Cris had been telling me to listen to TV On The Radio for a number of months. I never really got around to it. Why? I'm going to blame it on all the music magazines that I read. Whenever I read anything about them, they were always described as "weird", "odd", or another word that means the same thing. There was talk of them bringing this music from their home planet...and so on, and so forth.
I don't like listening to music just because it's weird. In fact, that's one of the main reasons why I don't like The Flaming Lips. I want to like music because it's good, not because it's weird.
Here's a scenario that is basically the same thing as liking music because it's weird:
I go to an art museum. I see a piece of art. I don't really think it looks that good. I can't really tell what's going on in the painting. But it's displayed somewhere prominent, and a lot of people have been talking about it. There's not really anything that I like about it...but it's different. It's odd. That means it must be good. If I don't understand it, there must be something really good to it that I'm not getting. Why else would people like it? Why else would there be a special exhibit for that artist? So I'll pretend that I understand the deep meaning of the painting, when really there's nothing to get.
That's what I see happening more and more in music. A strange new band comes out. Screeching guitars over an out-of-tune bass over a completely out-of-rhythm drummer. 3 people are singing at the same time. They're not singing in the same key. Nothing about it sounds good. Yet people love them. Why? Because it's different. "If other people like it, so will I, even if I don't understand what's even close to tolerable about them."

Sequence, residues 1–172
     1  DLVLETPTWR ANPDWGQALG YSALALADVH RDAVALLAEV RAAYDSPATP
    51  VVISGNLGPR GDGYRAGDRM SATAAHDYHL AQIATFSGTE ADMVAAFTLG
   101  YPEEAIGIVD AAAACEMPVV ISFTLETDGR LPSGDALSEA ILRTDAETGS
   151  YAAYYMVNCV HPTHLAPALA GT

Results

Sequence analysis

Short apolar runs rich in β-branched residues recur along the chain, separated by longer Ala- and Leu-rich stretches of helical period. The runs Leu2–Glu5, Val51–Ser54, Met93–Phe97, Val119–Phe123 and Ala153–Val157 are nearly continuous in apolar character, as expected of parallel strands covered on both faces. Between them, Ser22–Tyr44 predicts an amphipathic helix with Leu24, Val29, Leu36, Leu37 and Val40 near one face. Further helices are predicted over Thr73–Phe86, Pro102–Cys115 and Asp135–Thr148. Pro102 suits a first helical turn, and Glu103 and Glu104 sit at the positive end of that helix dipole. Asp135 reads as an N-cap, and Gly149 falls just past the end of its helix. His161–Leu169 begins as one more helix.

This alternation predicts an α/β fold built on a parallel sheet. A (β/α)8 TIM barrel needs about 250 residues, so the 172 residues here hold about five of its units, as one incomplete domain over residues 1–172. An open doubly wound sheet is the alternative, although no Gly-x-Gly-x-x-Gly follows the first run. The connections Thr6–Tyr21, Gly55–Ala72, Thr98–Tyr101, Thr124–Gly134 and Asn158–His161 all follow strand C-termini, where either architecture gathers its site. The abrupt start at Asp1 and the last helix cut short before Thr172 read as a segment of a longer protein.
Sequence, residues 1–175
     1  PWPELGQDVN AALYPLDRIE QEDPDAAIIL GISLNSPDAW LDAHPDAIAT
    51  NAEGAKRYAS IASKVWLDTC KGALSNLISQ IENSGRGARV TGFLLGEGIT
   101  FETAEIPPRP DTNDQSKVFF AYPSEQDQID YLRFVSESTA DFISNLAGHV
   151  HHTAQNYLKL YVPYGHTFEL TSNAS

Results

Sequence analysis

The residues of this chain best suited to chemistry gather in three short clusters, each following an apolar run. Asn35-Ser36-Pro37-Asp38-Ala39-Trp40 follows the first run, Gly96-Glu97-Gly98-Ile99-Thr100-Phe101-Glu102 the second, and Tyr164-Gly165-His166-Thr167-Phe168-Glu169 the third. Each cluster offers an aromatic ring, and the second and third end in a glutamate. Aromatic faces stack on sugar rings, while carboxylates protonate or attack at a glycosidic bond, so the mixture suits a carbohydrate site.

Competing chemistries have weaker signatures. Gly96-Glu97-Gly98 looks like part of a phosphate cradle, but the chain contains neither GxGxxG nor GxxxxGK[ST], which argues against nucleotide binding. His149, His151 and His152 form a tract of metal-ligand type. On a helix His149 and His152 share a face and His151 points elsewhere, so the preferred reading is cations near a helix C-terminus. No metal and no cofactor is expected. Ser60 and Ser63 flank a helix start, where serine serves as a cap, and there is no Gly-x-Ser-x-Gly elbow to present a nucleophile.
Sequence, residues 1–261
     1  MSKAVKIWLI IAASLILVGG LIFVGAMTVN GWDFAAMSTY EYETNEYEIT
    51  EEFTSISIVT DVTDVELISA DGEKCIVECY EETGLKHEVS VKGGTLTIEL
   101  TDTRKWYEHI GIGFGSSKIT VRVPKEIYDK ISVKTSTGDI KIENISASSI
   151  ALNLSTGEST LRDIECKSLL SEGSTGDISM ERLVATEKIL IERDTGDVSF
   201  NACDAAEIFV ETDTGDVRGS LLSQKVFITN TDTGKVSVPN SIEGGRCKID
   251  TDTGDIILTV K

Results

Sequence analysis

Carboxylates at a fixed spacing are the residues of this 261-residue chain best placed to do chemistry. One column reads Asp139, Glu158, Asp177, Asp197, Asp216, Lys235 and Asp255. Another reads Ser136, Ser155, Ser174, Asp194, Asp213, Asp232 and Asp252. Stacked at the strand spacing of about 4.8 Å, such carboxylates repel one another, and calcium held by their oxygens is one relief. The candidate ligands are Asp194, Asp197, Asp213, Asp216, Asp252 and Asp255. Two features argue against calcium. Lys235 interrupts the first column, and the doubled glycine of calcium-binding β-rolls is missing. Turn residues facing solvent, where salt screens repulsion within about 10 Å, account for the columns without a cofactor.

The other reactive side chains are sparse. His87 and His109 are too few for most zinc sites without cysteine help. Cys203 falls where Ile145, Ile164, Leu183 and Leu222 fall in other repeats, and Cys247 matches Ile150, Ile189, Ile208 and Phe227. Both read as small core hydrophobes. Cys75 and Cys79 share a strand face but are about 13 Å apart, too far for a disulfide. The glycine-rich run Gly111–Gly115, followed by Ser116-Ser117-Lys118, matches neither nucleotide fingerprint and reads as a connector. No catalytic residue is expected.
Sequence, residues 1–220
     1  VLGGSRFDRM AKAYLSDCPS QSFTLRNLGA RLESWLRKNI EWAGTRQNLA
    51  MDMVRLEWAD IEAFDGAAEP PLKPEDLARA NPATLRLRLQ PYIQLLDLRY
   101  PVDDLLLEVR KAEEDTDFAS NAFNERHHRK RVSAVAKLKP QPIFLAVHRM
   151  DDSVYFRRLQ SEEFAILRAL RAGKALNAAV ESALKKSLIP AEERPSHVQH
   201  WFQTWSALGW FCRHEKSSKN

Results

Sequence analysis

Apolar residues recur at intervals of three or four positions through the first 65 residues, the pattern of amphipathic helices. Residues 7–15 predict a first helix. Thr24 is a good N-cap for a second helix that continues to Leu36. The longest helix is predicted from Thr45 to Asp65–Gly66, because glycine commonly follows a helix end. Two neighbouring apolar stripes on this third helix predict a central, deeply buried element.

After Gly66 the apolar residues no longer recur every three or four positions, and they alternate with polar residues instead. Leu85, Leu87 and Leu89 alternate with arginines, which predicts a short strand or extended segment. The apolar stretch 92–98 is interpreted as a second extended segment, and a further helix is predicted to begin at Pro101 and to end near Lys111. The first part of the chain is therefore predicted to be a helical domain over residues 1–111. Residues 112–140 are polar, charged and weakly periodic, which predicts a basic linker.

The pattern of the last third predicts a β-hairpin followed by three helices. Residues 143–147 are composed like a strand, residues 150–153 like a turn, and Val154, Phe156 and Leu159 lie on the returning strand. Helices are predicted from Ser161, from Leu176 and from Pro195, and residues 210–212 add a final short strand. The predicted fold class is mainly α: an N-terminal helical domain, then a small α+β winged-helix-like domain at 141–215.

(This rant is getting long, and I apologize.)
That's what I thought would happen with TV On The Radio. Just another band trying to be different to get some publicity.
Thankfully, that's not what they are, and that's not what they're about.
This album is one of the more creative albums to come out this year. There are an absolute ton of influences and instruments present here, and for them to be able to mix them all together as well as they have here...well, it's just astounding.
The atmosphere of this album is what really blew me away. I haven't really heard guitar like this since My Bloody Valentine's Loveless. There's a depth and beauty to the fullness of their guitars that seems almost other-worldly. It seems the most present on "Province", a gorgeous song that builds to a huge chorus, courtesy of those swelling guitars and the vocals of Tunde Adebimpe, Kyp Malone, and David Bowie.
The quasi-hip-hop/dance of "I Was a Lover" gives way to the droning, almost tribal "Hours", which rolls into the skittering "Playhouses", which is followed by the drums-in-the-front rock approach of "Wolf Like Me" (one of the catchiest songs on the album), which flows into the minimalist "A Method"...and on and on we go.
The dual-vocal approach of the deeper voiced Tunde Adebimpe mixed with the high falsetto-ish voice of Kyp Malone works wonderfully. Creepy and beautiful at the same time.
If you're looking for something that is simultaneously creative and accessible, this is the album for you. It really is remarkable.
Essential Tracks: "I Was a Lover", "Hours", "A Method"
Favorite Tracks: "Province", "Wolf Like Me"